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Where Agriculture Means Business

The Generation That’s Taking over Our Workforce

“A generation that is lazy and narcissistic,” states a Time Magazine article I read recently. My guess is your first thought, is that this quote talks about the millennial generation. In fact, the article is from a 1956 edition about Baby Boomers! My point? Millennials aren’t the first generation to be thought of as lazy or entitled. And it turned out not to be true for the other generations. So does that mean millennials aren’t that different from other generations?

Not so fast. On one hand, there are a lot of values that are shared by different generations, but the way generations feel they need to experience those values is different. So how do we best connect with the generation that now makes up one in three people of our workforce?

Set the Big Picture

As a consultant, one of the perks of my job is getting to help Northeast operations run their businesses better, but I also get to learn from what they do well. One thing I’ve found is that operations that provide opportunities and pathways to success are better at retaining millennials. Why? They make it clear that they offer a career with impact.

Millennials value what we are working towards and why we are working towards it. They are more likely to be invested fully if they know this. Being explicit with a millennials’ purpose and their involvement in the operation lets them know what’s in it for them and how they contribute to the overall goal.

Make Time for Feedback

Everyone underscores communication as a key to business success. But how that communication occurs is more important than ever. For earlier generations, top-down communication may have been valuable to build a strong and satisfied workforce, but today, there needs to be a two-way street.

Feedback has proven necessary for many millennials to get an idea of how they’re performing and let managers understand how best to relate to them. More than that, formal feedback should be presented on a regular basis; at least quarterly, if not monthly. Informal feedback happens almost every day – so take advantage of it!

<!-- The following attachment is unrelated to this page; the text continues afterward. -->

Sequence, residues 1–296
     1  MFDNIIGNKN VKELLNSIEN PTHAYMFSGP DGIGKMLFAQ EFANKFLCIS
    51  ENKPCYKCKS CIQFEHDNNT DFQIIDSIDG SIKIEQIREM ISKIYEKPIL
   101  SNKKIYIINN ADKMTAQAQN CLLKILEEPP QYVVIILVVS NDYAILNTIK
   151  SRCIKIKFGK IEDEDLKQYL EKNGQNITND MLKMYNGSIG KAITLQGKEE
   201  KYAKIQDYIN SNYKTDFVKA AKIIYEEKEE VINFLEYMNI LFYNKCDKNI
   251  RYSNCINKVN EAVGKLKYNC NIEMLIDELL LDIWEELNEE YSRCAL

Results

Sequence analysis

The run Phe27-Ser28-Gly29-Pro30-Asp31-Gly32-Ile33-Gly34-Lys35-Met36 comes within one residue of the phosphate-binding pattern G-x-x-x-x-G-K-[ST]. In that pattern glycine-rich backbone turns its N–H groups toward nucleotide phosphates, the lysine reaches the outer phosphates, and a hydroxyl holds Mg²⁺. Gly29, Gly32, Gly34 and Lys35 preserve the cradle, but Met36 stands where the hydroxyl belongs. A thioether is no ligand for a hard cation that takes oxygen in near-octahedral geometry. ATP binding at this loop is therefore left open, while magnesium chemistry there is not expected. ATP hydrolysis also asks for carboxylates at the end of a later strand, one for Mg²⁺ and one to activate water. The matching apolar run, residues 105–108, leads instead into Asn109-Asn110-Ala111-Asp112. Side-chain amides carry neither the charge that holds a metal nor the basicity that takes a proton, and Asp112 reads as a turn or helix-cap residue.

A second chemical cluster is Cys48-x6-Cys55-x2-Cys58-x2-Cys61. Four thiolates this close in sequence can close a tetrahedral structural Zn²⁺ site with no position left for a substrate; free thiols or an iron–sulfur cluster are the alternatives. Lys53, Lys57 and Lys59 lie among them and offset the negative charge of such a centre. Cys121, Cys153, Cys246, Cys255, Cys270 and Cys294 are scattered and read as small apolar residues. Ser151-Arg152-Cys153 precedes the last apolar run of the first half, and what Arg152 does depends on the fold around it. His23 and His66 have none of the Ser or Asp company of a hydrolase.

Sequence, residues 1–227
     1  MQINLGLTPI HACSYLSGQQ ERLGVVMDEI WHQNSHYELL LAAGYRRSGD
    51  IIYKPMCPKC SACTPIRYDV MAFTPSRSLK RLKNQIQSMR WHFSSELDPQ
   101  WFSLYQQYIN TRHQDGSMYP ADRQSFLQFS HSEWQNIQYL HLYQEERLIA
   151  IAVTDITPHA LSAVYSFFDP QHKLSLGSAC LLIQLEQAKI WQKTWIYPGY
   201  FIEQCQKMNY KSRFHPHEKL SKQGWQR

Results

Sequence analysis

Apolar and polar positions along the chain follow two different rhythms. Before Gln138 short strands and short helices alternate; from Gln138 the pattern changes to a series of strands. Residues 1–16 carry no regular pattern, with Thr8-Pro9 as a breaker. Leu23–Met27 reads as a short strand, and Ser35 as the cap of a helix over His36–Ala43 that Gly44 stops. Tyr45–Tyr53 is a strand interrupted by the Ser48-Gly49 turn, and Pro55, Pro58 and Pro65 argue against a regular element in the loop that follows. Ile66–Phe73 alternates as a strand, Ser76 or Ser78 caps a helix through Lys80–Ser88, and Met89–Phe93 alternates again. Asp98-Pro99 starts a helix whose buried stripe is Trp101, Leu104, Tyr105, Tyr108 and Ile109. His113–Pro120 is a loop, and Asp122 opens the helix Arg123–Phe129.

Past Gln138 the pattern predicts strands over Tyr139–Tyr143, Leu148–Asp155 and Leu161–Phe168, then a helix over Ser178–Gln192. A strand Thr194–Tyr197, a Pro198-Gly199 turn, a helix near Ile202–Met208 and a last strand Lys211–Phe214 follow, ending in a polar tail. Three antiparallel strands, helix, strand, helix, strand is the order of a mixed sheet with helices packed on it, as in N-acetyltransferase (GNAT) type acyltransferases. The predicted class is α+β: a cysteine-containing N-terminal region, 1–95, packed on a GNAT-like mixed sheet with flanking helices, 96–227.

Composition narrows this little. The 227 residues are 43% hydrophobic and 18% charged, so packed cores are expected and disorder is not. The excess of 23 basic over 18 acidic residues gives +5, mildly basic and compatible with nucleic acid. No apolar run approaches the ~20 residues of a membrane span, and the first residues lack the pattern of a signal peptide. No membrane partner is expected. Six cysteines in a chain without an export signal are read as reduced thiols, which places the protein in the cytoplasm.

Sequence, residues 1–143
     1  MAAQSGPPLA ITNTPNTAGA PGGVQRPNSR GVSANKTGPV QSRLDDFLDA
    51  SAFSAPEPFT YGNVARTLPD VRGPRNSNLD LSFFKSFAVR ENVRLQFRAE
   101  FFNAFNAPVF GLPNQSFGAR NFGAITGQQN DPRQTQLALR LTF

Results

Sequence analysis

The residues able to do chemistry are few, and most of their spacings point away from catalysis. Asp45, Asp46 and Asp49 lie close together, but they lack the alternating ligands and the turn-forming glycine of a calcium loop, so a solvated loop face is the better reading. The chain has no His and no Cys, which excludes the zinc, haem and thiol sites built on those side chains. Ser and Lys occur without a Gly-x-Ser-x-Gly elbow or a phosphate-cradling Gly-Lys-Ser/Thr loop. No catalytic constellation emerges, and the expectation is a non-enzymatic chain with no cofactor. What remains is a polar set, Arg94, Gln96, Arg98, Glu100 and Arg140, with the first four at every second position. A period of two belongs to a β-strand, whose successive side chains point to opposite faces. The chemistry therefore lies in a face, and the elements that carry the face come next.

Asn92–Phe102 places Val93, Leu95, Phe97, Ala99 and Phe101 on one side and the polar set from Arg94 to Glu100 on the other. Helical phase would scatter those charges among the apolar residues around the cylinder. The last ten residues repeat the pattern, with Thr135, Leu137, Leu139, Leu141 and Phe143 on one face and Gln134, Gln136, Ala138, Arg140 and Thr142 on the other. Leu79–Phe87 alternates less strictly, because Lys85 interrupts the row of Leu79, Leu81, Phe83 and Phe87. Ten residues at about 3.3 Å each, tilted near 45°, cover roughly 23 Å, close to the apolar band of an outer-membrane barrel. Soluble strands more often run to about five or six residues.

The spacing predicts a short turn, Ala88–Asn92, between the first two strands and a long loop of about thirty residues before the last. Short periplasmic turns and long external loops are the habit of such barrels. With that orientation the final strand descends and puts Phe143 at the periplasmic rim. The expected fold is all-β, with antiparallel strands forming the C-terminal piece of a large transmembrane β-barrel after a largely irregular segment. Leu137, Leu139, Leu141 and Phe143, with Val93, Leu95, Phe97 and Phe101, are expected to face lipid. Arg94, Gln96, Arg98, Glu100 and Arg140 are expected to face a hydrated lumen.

Feedback delivery is also important. It’s been shown that giving positive feedback first followed by areas for improvement, is most effective. As an employer, think about how you communicate and if it returns the results that you want. Do you provide consistent, immediate feedback? Just like training a puppy, this could be the most effective feedback method for good employees you want to develop further.

If you as the employer are thinking about coaching rather than bossing, then you are going to create a work environment that people want to be a part of.

It’s Unkind to be Unclear

In one situation, an employer thought he was offering an advantage to his employee by leaving a project up to interpretation. While this employer was trying to be less “bossy” and leave room for creativity, I knew the employer was also very particular with results.

The general guidelines were not enough detail to give the employee confidence they were doing the project correctly and the employer felt anxious when the result wasn’t what they expected.

If you want something done a specific way, then say that. It will save both you and your millennial employee the stress of reading between the lines.

As an employer, ask yourself this question: What am I willing to take responsibility for?

Are you prepared to set the stage for the “big picture”, take time to give and receive feedback and be clear and open with your expectations? Millennials aren’t the first generation to require a “different” method of communication, and they won’t be the last.

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